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Copy of Presentation Skills

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by

Lelanie Judeel

on 21 November 2014

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Transcript of Copy of Presentation Skills

Presentation skills
Why??
To assist you with your Project Management Presentations
Examples of weak and strong presentations
Dealing with nerves
How to structure a presentation
Referencing (Harvard)
Examples of weak presentations
Choose a colour scheme, which is readable and professional
Use a consistent font and font size throughout the presentation
Keep bullet points to one/two lines
Use the bullet points as prompts, this shows your understanding of the information
Limit the words on each slide
You may be required at some point to present in your career
e.g. pitching ideas to stakeholders
Reading off the slides
Reading a script
Too many words
Font style
Colour format slides
by Lelanie Judeel
Practice, practice and practice
Breathing techniques
Positive Self Talk
Imagery
Example of good presentations skills: Steve Jobs
Any Questions
Clear structure
Keep the content relevant
Speaks clearly
Confident
Enthusiastic
Vary tone of voice
Eye contact
Provide a summary slide at the end followed by reference list
Designing slides
Signposting

Delivering a supercharged presentation
OBJECTIVES:
Are you making sense?
Combating
presentation
nerves
Signposts
To conclude
Moving on to
First of all
Signposts are quick cues to the audience that the speech is moving from one point to another. Signposts are often short statements such as “first,” “second,” and “next,” They are called signposts because they quickly point out to the audience where we all are in the speech.
What are "signposts" and what
are their purpose in presentations?
What categories can
signposts be put into?

To say more
To expand on

To elaborate on

In addition
To sequence points
First of all

Lastly
To go back
Finally

To conclude
To indicate movement
to a new point
Moving on to

To turn to

To digress
To provide an example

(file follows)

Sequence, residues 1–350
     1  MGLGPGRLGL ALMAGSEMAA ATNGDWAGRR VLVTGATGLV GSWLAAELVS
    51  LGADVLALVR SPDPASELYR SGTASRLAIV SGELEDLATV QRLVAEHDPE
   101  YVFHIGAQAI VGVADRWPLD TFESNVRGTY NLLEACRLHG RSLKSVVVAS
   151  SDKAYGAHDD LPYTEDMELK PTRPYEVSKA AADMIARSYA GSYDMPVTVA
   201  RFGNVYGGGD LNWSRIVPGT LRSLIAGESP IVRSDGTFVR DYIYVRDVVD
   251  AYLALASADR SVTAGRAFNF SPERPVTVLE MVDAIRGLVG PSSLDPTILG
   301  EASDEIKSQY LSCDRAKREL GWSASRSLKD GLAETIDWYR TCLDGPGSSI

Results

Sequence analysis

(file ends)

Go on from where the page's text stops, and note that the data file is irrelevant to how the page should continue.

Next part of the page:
For example
Such as

For instance
To show contrast
However
Whereas
But
On the other hand
Word stress is your magic key to
understanding spoken English. Native
speakers of English use word stress naturally. Word
stress is so natural for them that they don't even know they use it.
Word Stress
Simple Rule:
Natural stress in segment of speech:
Content words
are stressed -
grammar
words are unstressed
Robert went to the park on Friday.
When presenting, it is often useful to
EMPHASIZE
certain content words that are important for your purpose e.g. when promoting something you might want to
EMPHASIZE
certain
POSITIVE
words relating to content.
Chunking
There are two important elements involved in

chunking -

stress


and
pause



Let us take the opening sentence of an article:

Chunking is a principle that applies to the effective communication
of information between humans.
First we decide where to pause, for example:

Chunking


is a principle

that applies to the effective communication of

information

between humans.
Next we decide which are the important words, and when we say them, we
stress
those words by making them
louder
and
longer,
and by marking the stressed syllable of the word with a
rising
pitch.

CHUNKING

is a
PRINCIPLE

that applies to the
EFFECTIVE COMMUNICATION
of


INFORMATION

between
HUMANS.
DO


DON’T

Look/present at the screen

Look at the floor

Stoop/bad posture

Read notes

Stand still

Present to one person/one area
of the room
Make eye contact

Be positive

Stand tall/good posture

Speak clearly, slowly, with
intonation

Use body Language

Present to the group/room
A good presenter
Referencing (Harvard)
Reference in text

Reference images/tables

Support facts with theory

List all references on the last slide

According to Mitchell (2012)....

..... leadership in democracy can
have an effect on media
freedom (Mitchell, 2012).
In-text referencing
Figure 1: An exciting presentation. (Cartoonstock, 2013)
Reference list

Blake, N. (1998). Using the web in undergraduate education. Journal of Educational Computing, 5(2):234-251.

Blake, N. (1999). Higher Education in the 21st century. New York: University Press.

Edulink, 3(2). Available from: http://www.joburg.ac.za/edtech/pubs/edulink/992/blake.html

Davis, K. (1987). Computer-based training for accountants. Unpublished doctoral thesis. Johannesburg: Rand Afrikaans University.

Education Trust. (1999). Using videos in your classroom (Brochure). Sandton: Eduprint.
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Presentation Assessment Criteria:
40 marks in total
Each member must present
1 HOUR -
INCLUDING Q & A
session
Lecturer and 2 external moderators
Hand in 1 file only per team
1. Welcoming (PM)
Set the scene (placement of "clients")
Introduction
Company name
Introduce team
Dates of project shedule
Question policy
2. Introduction
Short overview of project brief
Aim of presentation
Main headings to be covered
3. Strategic Intent
Company vision, mission and values
4. Concept and Initiation Phase
Life cycle phase (inputs, process, outputs)
Approval of business case
Approval of project carter
5. Design and Development Phase
Scope statement
Project life cycle
Work breakdown structure
Build Method
Quality philosophy and standards
Risk probability, impact & response matrix (risk management)
Communications (committees, meetings, reports, press release)
Pictures/drawings on prototype

6. Implementation Phase
Gantt Chart
Work breakdown structure
Project and phase durations
Critical path
Major milestones, sign offs and completion of deliverables
OBS on Gantt chart
7. Presentation Style
Smooth handover between speakers
Speakers face audience and present from cards
Well-rehearsed presentations with enthusiasm
Was the project plan clear and understood by audience?
Successful Q & A session
Full transcript